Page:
The second thing that I often get fond of saying is patients will ask, “Doc, who you voting for?” And I say, “I'm voting for you! I'm voting for you. I am voting to make sure that my voice is heard to create a healthier health care system and a more fair and just health policy apparatus that can take care of patients. And you should be part of that process, too.” So, those are the two typical responses.
The third, when I really just want to get out of there, I say, “Well, you know what? There's a very good nonpartisan resource called VOTE411. They can give you some information on the candidates. And from there, I think it's up to you to make your own decision. Talk to friends and family about it.” So, those are three responses that we typically give.
Kao: Yeah. So, on that note, I want to thank Dr Alister Martin for sharing his insights and passions about voting with our audience today. Alister, thank you again for being a guest on Ethics Talk.
Martin: Thank you, Audiey. This is amazing. Please continue to keep ethics at the forefront of these conversations and your important voice in space. So, thank you for doing what you're doing.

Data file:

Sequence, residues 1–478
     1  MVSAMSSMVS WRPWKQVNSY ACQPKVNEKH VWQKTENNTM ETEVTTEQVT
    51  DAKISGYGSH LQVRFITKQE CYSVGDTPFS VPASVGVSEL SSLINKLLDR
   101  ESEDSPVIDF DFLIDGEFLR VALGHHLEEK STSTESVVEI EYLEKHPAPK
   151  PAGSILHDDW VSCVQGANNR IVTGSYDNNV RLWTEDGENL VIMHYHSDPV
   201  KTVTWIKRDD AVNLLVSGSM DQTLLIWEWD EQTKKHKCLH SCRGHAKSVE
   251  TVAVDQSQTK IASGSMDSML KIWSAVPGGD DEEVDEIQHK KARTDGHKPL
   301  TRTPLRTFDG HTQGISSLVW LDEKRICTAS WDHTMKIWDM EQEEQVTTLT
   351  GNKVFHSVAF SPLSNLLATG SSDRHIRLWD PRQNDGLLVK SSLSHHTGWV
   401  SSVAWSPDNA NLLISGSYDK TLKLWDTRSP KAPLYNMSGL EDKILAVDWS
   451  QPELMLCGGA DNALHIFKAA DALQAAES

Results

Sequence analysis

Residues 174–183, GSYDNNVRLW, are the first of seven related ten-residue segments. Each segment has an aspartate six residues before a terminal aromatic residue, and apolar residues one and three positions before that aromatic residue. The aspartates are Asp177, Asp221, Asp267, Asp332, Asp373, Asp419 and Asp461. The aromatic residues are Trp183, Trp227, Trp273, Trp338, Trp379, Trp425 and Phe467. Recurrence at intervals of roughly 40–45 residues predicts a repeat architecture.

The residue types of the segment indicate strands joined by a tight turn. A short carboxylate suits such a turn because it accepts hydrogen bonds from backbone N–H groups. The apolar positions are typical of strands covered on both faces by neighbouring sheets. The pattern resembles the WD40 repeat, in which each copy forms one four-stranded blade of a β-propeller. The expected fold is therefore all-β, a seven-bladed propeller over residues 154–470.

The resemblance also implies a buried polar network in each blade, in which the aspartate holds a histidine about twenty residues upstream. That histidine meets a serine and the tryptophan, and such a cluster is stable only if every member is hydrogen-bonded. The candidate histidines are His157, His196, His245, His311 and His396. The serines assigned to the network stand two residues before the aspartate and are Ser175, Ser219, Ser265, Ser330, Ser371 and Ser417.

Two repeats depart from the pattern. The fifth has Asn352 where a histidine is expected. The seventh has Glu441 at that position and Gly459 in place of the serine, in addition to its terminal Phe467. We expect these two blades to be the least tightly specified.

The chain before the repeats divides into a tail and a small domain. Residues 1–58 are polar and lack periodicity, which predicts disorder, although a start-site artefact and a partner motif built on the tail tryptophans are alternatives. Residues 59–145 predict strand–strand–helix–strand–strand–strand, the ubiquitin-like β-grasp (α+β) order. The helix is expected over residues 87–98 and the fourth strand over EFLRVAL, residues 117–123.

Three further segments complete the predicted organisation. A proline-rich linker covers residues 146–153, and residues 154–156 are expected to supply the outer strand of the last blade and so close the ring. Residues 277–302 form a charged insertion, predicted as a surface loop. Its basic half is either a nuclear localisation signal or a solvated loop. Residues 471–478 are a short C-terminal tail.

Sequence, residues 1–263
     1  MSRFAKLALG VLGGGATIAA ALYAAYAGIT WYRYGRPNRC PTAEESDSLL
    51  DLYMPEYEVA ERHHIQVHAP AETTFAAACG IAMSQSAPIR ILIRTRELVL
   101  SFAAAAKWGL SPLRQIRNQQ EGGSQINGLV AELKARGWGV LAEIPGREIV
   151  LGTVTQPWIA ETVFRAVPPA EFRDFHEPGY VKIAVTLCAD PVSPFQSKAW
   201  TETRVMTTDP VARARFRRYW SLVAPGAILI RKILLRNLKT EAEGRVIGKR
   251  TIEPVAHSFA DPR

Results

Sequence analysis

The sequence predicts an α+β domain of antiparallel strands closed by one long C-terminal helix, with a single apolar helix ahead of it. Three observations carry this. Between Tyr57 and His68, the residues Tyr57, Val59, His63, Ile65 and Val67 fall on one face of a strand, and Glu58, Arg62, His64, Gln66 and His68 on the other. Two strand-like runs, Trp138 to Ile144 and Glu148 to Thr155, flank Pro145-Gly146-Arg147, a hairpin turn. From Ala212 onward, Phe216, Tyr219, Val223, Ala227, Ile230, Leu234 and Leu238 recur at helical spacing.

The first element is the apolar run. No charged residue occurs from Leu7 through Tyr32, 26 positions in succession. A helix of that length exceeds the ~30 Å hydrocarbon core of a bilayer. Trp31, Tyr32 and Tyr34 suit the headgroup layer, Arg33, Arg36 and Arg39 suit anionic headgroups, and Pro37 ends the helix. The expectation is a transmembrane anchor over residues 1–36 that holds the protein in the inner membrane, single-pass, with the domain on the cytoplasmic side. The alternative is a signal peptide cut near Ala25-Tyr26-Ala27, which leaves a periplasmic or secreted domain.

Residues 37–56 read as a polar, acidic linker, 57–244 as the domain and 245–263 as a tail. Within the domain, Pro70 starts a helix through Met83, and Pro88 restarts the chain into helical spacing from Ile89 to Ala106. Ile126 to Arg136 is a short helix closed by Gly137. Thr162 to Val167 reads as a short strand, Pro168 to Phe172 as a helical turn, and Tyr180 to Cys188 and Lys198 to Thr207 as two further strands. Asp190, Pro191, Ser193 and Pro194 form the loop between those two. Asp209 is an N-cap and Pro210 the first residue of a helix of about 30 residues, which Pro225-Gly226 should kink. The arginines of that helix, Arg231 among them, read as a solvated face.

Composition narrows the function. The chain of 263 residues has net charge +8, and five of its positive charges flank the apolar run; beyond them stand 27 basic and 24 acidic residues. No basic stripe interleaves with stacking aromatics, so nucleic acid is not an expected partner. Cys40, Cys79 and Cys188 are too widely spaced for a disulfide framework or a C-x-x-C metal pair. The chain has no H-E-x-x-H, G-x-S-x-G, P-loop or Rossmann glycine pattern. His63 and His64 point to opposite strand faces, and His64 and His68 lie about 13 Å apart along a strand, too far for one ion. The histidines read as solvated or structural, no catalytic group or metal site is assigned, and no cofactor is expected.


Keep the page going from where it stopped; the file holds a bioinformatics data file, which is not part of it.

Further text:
Kao: For more COVID ethics resources, please visit the AMA Journal of Ethics at JournalOfEthics.org. And finally, to our viewing audience, we are only a few weeks or so away from Election Day. For those who still have not registered to vote, you may still have time. And I encourage you to visit vote.gov or vote.org and find out how to get registered in your state. And to everyone still planning to vote, educate yourself about public policy positions espoused by candidates before casting your vote. Be safe and be well. We'll see you next time on Ethics Talk. [bright theme music plays]